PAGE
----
As European leaders gather in Brussels today for the EU budget summit, quality spending must be the focus of discussions if the future European budget is to tackle Europe's environmental and economic crises, according to environment groups CEE Bankwatch Network, Friends of the Earth Europe and Transport & Environment.
European spending has often been misguided and damaging, through investments promoting fossil fuel use, carbon-intensive projects or the destruction of nature, according to the three organisations. In times of economic and environmental crisis, quality spending on public transport, sustainable food production, renewable energy and energy efficiency projects can trigger environmental protection and sustainable development.
Markus Trilling, EU Funds coordinator for CEE Bankwatch Network and Friends of the Earth Europe, said: "Discussions on how much to spend have predictably dominated the run-up to the Budget summit, but negotiators need to focus on the quality of spending. People living in Europe could be forgiven for not knowing the huge potential this future budget has to work for them, their quality of life, their shared environment and their economic prospects.”
The environment groups maintain that the European Commission's proposal to allocate 20 percent of the total budget for measures to address climate change does not go far enough, and are instead calling for a 25 percent 'climate mainstreaming' figure to be agreed in order to tackle both Europe's environmental and economic crises.
Markus Trilling continued: “The EU’s budget for 2014-2020 represents a historic opportunity to address the environmental crisis, protect biodiversity, and help stop the worst impacts of climate change. A 25 percent ‘green’ EU budget for 2014-2020 would unlock even more investment money for projects, like energy savings and renewables, which will cut our greenhouse gas emissions, create millions of new green jobs and reduce fuel poverty.”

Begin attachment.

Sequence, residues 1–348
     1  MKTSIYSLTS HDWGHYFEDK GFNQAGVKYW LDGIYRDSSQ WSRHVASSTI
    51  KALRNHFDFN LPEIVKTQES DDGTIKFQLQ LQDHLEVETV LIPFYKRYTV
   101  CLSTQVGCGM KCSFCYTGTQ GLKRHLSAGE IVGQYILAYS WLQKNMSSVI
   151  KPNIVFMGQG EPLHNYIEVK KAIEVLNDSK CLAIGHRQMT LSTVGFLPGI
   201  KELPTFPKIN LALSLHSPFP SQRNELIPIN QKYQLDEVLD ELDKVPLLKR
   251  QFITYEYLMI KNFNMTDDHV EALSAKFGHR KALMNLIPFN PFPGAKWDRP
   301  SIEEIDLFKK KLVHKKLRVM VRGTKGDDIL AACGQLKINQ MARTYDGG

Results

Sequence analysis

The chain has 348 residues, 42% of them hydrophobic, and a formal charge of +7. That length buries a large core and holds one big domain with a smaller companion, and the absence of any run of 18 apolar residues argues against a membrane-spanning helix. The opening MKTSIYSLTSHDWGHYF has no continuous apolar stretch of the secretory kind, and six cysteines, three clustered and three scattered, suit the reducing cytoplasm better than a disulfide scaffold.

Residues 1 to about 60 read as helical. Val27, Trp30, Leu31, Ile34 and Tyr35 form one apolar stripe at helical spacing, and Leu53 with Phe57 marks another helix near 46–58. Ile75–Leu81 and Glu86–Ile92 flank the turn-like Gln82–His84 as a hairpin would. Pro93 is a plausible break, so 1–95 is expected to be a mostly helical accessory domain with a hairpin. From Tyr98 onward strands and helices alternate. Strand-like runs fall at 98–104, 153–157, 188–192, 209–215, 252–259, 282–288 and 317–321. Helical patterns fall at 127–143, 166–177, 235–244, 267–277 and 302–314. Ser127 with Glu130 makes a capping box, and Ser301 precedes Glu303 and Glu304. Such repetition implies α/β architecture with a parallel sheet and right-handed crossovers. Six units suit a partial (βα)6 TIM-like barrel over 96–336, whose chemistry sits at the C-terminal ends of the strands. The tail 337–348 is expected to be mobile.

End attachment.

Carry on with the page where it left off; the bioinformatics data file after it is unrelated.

Speaking on greening commitments for the Common Agricultural Policy, Stanka Becheva, agriculture campaigner for Friends of the Earth Europe said: “European rural areas have lost millions of farmers, and intensive agriculture practices have led to the loss of biodiversity and polluted soil and water. The present economic and planetary crises are putting small scale sustainable farmers out of business. Linking direct payments to obligations to protect the environment – strong mandatory greening – will ensure targeted spending that tackles these challenges.”
Transport & Environment maintain that support for regional airports in Poland and Spain with little air traffic do not justify the significant costs incurred. European money should be spent on more efficient projects – those that manage existing infrastructure more smartly, such as road user charges or the European Rail Traffic Management System.
Nina Renshaw, deputy director of Transport & Environment, said: "Our prime ministers and presidents have a real opportunity to prove that they have learnt from past mistakes and have smarter, more sustainable plans for our money. In the past, EU money has been wasted, with subsidies for highly polluting industries, new airports and highways being built in the wrong places, for the wrong reasons. These kind of projects cost far more in false hope than they gave back to local communities.”
“This time around the EU should direct the billions to where they can make the biggest difference, such as smart grids to bring clean renewable energy to homes and to electrify transport, and to projects which save energy and ultimately save money, instead of wasting it," Nina Renshaw concluded.